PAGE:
Kenyan writer Makena Onjerika has won the 2018 Caine Prize for African Writing for her short story “Fanta Blackcurrant”, beating four other finalists.
The prize comes with a £10,000 (Sh1.3 million) award.
The story was published in the 2017 Spring edition of Wasafiri, a UK literary magazine.
Makena was announced the winner at an award dinner on July 2 by Dinaw Mengestu, the chairman of the judges.
"Fanta Blackcurrant" follows the story of a street girl, Meri, who wants to always have a Fanta Blackcurrant to drink.
It captures the street life, and Meri and other street girls doing what they have to do to survive. It is told from the perspective of another street girl using English words as spoken in a sort of street lingo.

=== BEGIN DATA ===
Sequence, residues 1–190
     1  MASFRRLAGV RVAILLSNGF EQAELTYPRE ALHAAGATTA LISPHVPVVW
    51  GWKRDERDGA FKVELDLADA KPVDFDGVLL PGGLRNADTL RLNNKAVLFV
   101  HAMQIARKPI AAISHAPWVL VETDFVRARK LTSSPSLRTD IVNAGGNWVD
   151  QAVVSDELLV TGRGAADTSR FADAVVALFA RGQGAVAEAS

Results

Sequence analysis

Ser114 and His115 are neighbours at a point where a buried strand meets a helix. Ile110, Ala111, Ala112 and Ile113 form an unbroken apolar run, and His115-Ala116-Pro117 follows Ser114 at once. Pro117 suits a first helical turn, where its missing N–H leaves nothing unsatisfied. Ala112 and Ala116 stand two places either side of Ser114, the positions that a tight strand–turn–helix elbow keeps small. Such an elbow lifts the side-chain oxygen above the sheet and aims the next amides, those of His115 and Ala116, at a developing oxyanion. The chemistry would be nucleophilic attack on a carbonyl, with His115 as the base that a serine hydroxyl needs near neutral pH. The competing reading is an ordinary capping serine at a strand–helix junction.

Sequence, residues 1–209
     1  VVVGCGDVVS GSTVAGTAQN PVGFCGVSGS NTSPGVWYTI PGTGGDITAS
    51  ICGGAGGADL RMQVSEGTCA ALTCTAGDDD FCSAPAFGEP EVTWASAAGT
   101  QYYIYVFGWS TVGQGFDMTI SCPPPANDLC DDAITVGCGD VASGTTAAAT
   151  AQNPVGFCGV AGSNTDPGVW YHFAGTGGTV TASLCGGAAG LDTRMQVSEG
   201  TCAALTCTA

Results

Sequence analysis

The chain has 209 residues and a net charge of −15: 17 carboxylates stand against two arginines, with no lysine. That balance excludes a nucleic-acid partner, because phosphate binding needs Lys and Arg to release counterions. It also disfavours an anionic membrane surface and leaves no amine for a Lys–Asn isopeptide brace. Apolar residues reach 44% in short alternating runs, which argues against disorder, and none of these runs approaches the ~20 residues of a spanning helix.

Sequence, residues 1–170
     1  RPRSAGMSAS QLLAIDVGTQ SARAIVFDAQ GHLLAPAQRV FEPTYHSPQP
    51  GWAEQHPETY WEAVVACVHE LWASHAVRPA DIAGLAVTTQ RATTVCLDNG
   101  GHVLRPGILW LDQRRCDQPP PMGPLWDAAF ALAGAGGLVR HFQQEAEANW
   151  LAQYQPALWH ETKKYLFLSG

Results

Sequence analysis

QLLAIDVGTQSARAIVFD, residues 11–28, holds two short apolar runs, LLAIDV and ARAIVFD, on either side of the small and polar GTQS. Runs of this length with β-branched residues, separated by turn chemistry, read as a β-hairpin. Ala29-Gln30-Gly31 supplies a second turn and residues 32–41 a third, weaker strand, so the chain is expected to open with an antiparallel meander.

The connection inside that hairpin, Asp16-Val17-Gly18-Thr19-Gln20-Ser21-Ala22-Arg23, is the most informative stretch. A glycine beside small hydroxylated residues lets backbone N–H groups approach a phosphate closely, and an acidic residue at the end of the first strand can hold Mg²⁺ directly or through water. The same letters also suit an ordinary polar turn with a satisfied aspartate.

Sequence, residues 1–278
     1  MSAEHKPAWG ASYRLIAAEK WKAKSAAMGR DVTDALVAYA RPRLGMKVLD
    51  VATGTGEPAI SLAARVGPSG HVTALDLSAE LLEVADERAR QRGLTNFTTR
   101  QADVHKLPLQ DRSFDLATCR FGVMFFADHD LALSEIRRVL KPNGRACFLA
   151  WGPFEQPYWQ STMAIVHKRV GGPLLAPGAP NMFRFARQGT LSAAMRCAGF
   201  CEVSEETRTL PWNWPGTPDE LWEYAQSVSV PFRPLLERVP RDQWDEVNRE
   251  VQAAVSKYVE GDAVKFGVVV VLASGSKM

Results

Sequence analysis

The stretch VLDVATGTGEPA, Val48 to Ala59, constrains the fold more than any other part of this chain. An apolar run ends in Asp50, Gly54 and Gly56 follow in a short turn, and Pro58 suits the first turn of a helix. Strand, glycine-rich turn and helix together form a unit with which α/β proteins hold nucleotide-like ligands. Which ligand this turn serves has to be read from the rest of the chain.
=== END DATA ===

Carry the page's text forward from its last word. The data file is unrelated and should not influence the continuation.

Makena is a graduate of the MFA Creative Writing programme at New York University, and has been published in Urban Confusions and Wasafiri. She is currently working on a fantasy novel.
The shortlist was announced in May and included four other finalists: Nonyelum Ekwempu (Nigeria), Stacy Hardy (South Africa), Olufunke Ogundimu (Nigeria) and Wole Talabi (Nigeria).
The 2017 award was won by Sudanese writer and poet Bushra al-Fadil for his short story "The Story of the Girl Whose Birds Flew Away".
Other winners in the past seven competitions are: South Africa's Lidudumalingani (2016), Zambia’s Namwali Serpell (2015), Kenya's Okwiri Oduor (2014), Nigeria’s Tope Folarin (2013), Nigeria’s Rotimi Babatunde (2012), Zimbabwe’s NoViolet Bulawayo (2011) and Sierra Leone’s Olufemi Terry (2010).
Kenyans Yvonne Adhiambo Oduor and Binyavanga Wainaina won the award in 2003 and 2002, respectively.